Industry Interconnection Part 3: Authenticity and Satisfaction
This is the third in a series about fashion industry interconnection. Our work is so intertwined with both our inner selves and the global issues that surround us, yet we rarely take the time to think it over.
Challenge yourself today to take three minutes to read this and another minute to mull it over and comment. I guarantee it will be one of your deepest insights of the day.
Our work in fashion is unavoidably superficial. I remember having to remind myself years ago, when I was a designer feeling intense job stress, that in the grand scheme, “It’s just clothes!” I had a coworker who had that phrase pinned to her corkboard behind her desk. Every time I walked by it, I relaxed a little. On top of the material nature of the apparel industry, we are expected to look and act the part of an informed fashionista. Our days are inundated with surface conversations, rarely demanding any deep philosophical thinking. We aren’t required to expose anything more than our work selves, aside from the occasional water cooler gossip. Sure, we make meaningful friendships at work, but more often than not, relationships are formed when we grow desperate during our long hours for someone to talk to about our outside lives.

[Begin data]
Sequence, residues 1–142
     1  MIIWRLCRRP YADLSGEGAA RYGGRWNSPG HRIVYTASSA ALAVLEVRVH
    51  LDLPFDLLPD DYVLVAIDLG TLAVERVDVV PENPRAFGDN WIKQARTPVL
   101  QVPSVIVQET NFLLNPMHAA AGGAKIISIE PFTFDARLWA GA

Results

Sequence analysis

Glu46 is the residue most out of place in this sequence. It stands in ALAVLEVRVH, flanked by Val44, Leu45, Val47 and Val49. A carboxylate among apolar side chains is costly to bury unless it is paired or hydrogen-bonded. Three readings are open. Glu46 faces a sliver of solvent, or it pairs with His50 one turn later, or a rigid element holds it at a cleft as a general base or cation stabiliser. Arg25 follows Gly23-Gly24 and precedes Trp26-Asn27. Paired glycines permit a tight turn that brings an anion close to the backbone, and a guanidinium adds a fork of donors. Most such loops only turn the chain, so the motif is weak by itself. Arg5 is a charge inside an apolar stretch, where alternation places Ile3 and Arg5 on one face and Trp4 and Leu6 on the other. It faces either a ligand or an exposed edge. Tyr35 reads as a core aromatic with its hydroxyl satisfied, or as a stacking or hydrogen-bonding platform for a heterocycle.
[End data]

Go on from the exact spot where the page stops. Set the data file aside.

When we wear these masks of trend, status, consumption, and materialism, we disguise the deeper qualities that define us. I remember the feeling that I needed to hide the fact that I was trying to plan a wedding or disguise my pregnant belly for fear someone might discover—gasp—that I had another life outside the office. I thought I would be viewed as not serious about my job or not prioritizing my career. The thing is, when we bring our whole selves into relationships, in and outside of work, the relationships we build and the effort we put in is more meaningful and therefore more fulfilling. Why? Because we are true to our whole selves the whole time, instead of just some of the time. Authenticity—being honest and real—is a big part, if not the secret sauce to finding joy in our fashion industry careers, or any career for that matter.
I read an article about this correlation last year on Harvard Business Review. It discussed a study that linked authenticity to satisfaction, performance and engagement. The author then organized a follow-up study that concluded that “The more of themselves that people shared with others, the better their workplace experience.” What’s more, it’s just as crucial for leadership to model authenticity and promote an open and welcoming work environment. It’s a two-way street.
Think about the phoney personalities you have encountered in the fashion community. Admittedly, I think at one point I was one of them. The cattiness, judgment and backstabbing nature can be easily replaced by mutual respect, openness and laughter. Leaving my job as a designer gave me the space to look back and admit where I needed to grow as a human being. Of course, hindsight is 20/20, but if I returned to the design world tomorrow, I would choose a company that nurtures their employees wholly—in their roles at work, at home, in local and global communities, and within our ecosystem.
Can you be “yourself” in the workplace? Do you ever feel that your authenticity will affect the way you are perceived by your boss?